You are a pediatric critical care specialist working in the ICU taking care of a newborn infant who suffered a severe, prolonged reduction in blood flow to his brain at the time of birth. The consulting neurologist has indicated that the infant’s prognosis for functional neurological recovery is very poor in the unlikely event that he survives the next few days. You and the neurologist have spoken at length with the parents about the grim prognosis. They have decided that withdrawal of intensive care modalities and the initiation of optimal palliative care are consistent with their values. They have requested a day to hold their baby and to allow extended family to come and be with them prior to stopping the mechanical ventilation.
You have now gone home after handing the case over to a physician colleague who is on call for the unit that night, explaining that the family will notify staff when they are ready to withdraw life support.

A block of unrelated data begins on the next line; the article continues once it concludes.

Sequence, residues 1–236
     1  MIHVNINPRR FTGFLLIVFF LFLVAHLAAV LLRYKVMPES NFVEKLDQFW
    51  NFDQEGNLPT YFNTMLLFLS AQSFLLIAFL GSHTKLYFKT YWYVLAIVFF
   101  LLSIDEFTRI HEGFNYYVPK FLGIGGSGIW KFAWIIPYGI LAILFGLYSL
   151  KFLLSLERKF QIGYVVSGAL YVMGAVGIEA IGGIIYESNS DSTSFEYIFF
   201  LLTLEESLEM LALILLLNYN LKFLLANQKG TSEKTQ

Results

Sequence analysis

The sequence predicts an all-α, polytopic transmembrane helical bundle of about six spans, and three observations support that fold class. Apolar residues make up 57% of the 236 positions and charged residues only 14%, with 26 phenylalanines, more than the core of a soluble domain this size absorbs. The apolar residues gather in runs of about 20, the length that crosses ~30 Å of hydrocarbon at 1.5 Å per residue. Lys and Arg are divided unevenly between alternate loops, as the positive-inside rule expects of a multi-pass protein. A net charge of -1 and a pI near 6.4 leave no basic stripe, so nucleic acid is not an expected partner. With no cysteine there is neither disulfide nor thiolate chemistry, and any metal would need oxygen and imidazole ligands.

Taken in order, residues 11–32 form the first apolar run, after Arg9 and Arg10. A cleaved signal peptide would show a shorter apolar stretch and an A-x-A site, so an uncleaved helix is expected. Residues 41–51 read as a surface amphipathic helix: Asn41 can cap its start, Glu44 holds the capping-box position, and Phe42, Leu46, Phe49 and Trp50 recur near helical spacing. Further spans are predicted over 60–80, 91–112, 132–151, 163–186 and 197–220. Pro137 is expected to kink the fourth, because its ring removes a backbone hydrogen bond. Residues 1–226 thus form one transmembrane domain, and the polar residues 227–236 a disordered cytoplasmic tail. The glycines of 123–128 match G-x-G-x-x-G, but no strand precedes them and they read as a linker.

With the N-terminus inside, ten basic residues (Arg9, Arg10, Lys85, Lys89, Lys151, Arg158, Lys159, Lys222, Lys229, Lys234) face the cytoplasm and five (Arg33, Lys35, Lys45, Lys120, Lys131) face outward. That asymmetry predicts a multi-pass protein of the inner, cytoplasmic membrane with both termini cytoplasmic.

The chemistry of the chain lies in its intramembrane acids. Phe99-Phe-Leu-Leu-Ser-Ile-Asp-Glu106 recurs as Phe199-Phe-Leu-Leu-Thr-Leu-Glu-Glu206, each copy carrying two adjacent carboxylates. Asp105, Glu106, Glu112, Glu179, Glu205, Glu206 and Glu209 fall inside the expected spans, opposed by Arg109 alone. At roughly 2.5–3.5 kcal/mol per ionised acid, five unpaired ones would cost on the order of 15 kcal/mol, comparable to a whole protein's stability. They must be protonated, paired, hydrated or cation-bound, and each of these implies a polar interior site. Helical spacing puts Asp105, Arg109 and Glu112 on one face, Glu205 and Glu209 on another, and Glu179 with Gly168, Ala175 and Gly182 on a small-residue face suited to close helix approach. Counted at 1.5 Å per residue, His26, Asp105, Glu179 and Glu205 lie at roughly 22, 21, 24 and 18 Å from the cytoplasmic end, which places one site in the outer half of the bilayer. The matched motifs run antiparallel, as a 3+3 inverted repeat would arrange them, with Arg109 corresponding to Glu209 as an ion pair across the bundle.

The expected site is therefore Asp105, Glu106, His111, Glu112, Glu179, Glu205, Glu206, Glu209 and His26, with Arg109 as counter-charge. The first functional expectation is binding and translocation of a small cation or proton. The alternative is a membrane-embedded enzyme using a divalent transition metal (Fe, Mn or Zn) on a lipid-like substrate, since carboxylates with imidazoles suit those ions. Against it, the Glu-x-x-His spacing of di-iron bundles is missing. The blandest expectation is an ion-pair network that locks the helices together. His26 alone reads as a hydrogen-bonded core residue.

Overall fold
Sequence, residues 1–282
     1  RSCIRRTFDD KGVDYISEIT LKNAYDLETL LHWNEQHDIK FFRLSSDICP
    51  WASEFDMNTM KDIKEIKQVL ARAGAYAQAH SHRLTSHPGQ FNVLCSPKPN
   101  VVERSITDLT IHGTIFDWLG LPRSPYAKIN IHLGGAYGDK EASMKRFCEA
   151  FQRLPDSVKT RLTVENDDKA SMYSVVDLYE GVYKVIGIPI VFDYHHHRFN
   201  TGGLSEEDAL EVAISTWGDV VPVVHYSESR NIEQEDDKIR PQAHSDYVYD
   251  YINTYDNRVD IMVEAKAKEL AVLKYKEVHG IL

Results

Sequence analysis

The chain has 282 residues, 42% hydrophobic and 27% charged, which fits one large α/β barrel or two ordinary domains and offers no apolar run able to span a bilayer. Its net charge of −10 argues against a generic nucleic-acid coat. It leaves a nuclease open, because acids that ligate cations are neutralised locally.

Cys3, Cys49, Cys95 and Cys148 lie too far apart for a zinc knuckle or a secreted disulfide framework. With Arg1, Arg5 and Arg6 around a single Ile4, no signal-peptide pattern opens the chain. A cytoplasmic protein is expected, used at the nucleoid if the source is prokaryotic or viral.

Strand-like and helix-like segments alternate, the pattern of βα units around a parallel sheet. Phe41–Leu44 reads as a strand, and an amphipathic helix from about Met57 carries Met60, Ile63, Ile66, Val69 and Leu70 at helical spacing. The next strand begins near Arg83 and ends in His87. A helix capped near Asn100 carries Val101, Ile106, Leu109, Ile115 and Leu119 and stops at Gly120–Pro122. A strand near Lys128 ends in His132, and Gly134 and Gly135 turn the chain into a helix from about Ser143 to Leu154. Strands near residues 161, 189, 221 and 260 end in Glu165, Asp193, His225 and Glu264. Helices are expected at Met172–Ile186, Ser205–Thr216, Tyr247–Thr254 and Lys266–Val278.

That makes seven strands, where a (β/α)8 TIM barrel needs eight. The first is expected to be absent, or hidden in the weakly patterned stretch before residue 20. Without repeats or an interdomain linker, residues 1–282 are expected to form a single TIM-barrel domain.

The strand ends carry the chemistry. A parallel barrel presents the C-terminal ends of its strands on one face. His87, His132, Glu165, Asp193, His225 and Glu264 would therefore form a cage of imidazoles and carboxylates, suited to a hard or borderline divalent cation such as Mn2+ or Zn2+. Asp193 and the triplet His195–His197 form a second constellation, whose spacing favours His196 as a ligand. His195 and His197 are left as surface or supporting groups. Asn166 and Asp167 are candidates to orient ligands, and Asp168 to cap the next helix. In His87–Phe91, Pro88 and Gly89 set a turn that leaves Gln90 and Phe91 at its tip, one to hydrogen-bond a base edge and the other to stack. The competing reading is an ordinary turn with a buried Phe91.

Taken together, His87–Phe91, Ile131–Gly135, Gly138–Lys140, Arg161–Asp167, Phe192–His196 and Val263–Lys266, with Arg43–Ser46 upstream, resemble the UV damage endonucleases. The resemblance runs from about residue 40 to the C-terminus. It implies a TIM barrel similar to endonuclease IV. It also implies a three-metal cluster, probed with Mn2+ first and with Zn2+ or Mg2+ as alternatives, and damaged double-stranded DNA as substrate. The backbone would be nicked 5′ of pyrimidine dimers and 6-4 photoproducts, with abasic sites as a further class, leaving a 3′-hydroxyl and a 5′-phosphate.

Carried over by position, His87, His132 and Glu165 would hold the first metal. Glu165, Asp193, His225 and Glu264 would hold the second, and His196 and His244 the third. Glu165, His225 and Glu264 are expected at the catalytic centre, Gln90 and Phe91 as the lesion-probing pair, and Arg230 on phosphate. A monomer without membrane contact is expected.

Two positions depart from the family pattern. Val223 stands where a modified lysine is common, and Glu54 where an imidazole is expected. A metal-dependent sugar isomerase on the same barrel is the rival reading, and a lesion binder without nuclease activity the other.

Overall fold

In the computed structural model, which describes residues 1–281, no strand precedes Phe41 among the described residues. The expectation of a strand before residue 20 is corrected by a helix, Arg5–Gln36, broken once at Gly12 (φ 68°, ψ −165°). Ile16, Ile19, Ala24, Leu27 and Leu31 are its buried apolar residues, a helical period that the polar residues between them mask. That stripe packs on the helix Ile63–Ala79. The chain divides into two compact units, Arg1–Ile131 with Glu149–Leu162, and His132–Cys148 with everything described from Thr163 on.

You receive an agitated call from the ICU charge nurse at 2 am, as the family has requested life support to be discontinued but she is refusing to write an order for this, saying that she knows nothing about it. The parents are very distressed about this turn of events.
[Modified version of a case authored by Alixe Howlett]
- What are the boundary issues, if any, in this case?
- Are there issues with communication between team members?
- How should this be addressed?
- How should you deal with this situation when receiving the call at 2 am?
- Who should be involved in deciding next steps?
Some Values and Ethics Issues to Consider
- Compliance with policies and procedures
- Respect for professional integrity
- Patient-provider relationships
- Respect for patient autonomy
- Respect for dignity
- Patient-family relationships
- End of life decision-making
- Patient-centered care
- Professional boundaries